The Government of Canada’s top priority remains keeping Canadians safe, while protecting jobs, trade, and our economy. In February, when blockades and occupations across the country disrupted our economy, hurt workers, and endangered public safety, the government invoked the Emergencies Act to supplement provincial and territorial capacity to end them.
The Prime Minister, Justin Trudeau, today announced the establishment of the Public Order Emergency Commission, an independent public inquiry following the invocation of the Emergencies Act.
The Commission will examine the circumstances that led to the declaration being issued and the measures taken in response to the emergency. This includes the evolution of the convoy, the impact of funding and disinformation, the economic impact, and efforts of police and other responders prior to and after the declaration.
The Prime Minister also announced the appointment of the Honourable Paul S. Rouleau as Commissioner of the Public Order Emergency Commission. Justice Rouleau brings twenty years of experience on the bench to the role. He was first appointed as a Justice of the Superior Court of Ontario in 2002, then to the Court of Appeal for Ontario in 2005. He has also since been appointed as a Deputy Judge of the Supreme Court of Yukon, the Nunavut Court of Justice, and the Supreme Court of the Northwest Territories.
As Commissioner, Justice Rouleau will submit a final report in both official languages to the Government of Canada on his findings and recommendations, which must be tabled in the House of Commons and Senate of Canada by February 20, 2023.
“Ensuring the safety and security of everyone in Canada and protecting our economy are top priorities. I am pleased to announce that the Honourable Paul S. Rouleau has agreed to serve as the Commissioner and undertake this important work. He will look into the circumstances that led to the Emergencies Act being invoked, and make recommendations to prevent these events from happening again.”
“When our government invoked the Emergencies Act to help end the illegal blockades and get our country moving again, we committed to Canadians that we’d be upfront and transparent about it. We have kept that commitment – and today we’re taking a further step with the establishment of the Commission. I’m confident that this process will examine the circumstances that led to the invocation of the Emergencies Act fairly and impartially, as well as make potential recommendations regarding the management of public order emergencies.”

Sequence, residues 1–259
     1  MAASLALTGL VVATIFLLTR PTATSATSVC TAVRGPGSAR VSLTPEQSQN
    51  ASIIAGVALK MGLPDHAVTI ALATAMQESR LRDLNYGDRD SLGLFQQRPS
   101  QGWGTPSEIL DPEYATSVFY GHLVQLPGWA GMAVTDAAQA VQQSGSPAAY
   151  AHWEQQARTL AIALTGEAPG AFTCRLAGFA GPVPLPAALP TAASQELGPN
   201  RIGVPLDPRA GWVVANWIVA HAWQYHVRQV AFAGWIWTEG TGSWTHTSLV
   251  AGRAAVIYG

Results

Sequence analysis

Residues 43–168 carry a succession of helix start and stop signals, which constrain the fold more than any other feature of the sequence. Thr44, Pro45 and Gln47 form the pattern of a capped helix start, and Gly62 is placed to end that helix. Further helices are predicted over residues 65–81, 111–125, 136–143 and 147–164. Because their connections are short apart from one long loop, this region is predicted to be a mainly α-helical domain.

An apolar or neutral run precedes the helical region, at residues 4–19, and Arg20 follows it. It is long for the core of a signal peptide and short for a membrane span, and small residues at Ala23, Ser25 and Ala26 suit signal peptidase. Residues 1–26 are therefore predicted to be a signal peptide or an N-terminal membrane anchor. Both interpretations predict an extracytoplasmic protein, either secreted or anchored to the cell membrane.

“Invoking the Emergencies Act was a decision taken only after careful consideration and with significant caution. As we reflect on the circumstances that led to this action, Canadians can have confidence this Commission will be undertaken in a thorough and independent manner, as the Act itself requires.”
- On February 14, 2022, the Honourable David Lametti, Minister of Justice and Attorney General of Canada, with the support of the Honourable Marco E.L. Mendicino, Minister of Public Safety, and the Honourable Bill Blair, President of the Queen’s Privy Council for Canada and Minister of Emergency Preparedness, announced the declaration of a public order emergency under the Emergencies Act, to end disruptions, border blockades, and the occupation of Ottawa’s downtown core. The declaration was revoked on February 23, 2022.
- The Emergencies Act requires that a commission be convened within 60 days and its report tabled in Parliament within 360 days of the revocation of the declaration of a public order emergency. The Commission must examine the circumstances that led to the declaration being issued and the measures taken for dealing with the emergency.
- Under Part I of the federal Inquiries Act, the Commissioner has the power to summon witnesses under oath, and require them to provide documents or other items that the Commissioner consider necessary to carry out their work.
- The Commission’s work and mandate are outlined in the Order in Council, which establishes the Commission and its mandate.